Six Kenyan Judges currently serving on the bench, were recently denied appointment to higher courts by the President. The Kenya Magistrates and Judges Association calls this ‘shocking turn of events’ in a recent statement ‘baffling, unfounded and patently unconstitutional’.
Judges for Judges, the Commonwealth Magistrates’ and Judges’ Association (CMJA), the Commonwealth Legal Education Association (CLEA) and the Commonwealth Lawyers Association (CLA) urge the Kenyan President to respect both domestic law and international applicable standards in the appointment of judges, to ensure the independence of the judiciary: cornerstone of the rule of law.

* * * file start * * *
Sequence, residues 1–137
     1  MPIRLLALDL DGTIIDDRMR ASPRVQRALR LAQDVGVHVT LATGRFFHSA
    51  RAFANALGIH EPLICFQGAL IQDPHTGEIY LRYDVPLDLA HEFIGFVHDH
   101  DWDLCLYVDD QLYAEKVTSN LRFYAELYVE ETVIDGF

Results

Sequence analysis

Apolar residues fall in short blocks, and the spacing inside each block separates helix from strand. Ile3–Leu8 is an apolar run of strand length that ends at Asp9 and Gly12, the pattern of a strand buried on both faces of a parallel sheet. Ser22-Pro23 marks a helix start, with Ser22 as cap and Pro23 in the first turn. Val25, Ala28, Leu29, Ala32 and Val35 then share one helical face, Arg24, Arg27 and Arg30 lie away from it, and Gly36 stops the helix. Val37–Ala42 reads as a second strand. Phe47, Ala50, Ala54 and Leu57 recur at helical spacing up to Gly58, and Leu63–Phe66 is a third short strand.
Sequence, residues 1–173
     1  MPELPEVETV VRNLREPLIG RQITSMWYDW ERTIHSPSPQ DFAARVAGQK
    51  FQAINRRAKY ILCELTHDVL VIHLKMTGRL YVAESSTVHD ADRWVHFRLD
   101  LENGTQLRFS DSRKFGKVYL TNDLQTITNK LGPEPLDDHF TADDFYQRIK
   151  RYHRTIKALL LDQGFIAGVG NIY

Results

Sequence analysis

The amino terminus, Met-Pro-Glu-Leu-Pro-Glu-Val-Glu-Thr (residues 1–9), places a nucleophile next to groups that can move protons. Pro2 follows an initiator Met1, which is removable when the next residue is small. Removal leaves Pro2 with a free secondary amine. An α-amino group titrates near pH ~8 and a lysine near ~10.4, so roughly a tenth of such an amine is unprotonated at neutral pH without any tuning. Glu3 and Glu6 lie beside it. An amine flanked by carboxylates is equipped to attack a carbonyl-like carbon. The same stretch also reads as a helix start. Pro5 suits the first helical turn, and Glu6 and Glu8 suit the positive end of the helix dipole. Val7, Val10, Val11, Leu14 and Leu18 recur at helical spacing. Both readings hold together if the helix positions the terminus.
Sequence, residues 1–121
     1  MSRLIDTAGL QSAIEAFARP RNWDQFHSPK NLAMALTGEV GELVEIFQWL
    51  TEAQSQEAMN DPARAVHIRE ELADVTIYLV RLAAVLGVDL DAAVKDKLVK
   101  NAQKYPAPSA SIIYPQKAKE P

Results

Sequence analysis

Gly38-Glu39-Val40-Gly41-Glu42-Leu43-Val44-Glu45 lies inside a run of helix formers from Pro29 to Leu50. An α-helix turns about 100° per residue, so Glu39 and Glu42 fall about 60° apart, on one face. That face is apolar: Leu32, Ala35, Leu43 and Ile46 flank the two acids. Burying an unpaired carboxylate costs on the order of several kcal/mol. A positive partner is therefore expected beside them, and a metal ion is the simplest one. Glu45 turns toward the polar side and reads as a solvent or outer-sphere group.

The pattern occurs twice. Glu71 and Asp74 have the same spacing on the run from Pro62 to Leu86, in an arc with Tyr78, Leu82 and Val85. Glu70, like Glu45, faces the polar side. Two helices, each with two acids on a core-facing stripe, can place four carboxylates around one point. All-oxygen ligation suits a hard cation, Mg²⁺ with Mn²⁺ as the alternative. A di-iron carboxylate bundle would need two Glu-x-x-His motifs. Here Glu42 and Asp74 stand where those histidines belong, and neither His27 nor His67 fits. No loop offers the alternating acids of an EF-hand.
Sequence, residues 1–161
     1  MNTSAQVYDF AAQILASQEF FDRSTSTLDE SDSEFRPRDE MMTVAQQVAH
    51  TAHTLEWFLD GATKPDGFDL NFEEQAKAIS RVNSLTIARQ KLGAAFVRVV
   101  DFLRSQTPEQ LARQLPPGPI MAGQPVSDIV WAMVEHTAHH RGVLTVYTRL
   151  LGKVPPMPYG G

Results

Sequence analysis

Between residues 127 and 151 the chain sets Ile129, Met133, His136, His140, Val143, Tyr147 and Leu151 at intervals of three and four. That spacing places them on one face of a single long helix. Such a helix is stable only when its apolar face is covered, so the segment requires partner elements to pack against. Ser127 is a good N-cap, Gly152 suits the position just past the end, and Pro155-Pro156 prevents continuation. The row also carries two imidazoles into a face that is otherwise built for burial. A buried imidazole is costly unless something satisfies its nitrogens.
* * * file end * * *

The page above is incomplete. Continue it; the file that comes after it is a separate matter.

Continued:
The setting up of a tribunal must be consistent with the rule of law and the Constitutional safeguards that are afforded to everyone in the country concerned. The judiciary like other members of society may not be subjected to violations of their fundamental human rights no matter what the charges are against them. The existence of an independent and impartial judiciary is one of the cardinal features of any country governed by the rule of law. By virtue of its membership of the Commonwealth, Botswana is committed to the shared fundamental values and principles of the Commonwealth, at the core of which is a shared belief in, and adherence to, democratic principles including an independent and impartial judiciary. Any measure which is capable of being seen as eroding the independence and impartiality of the judiciary, or the fundamental rights that they are entitled to as citizens or residents of the Botswana is a matter of serious concern. Continue reading CMJA Statement on the setting up of a tribunal to impeach four Justices in Botswana→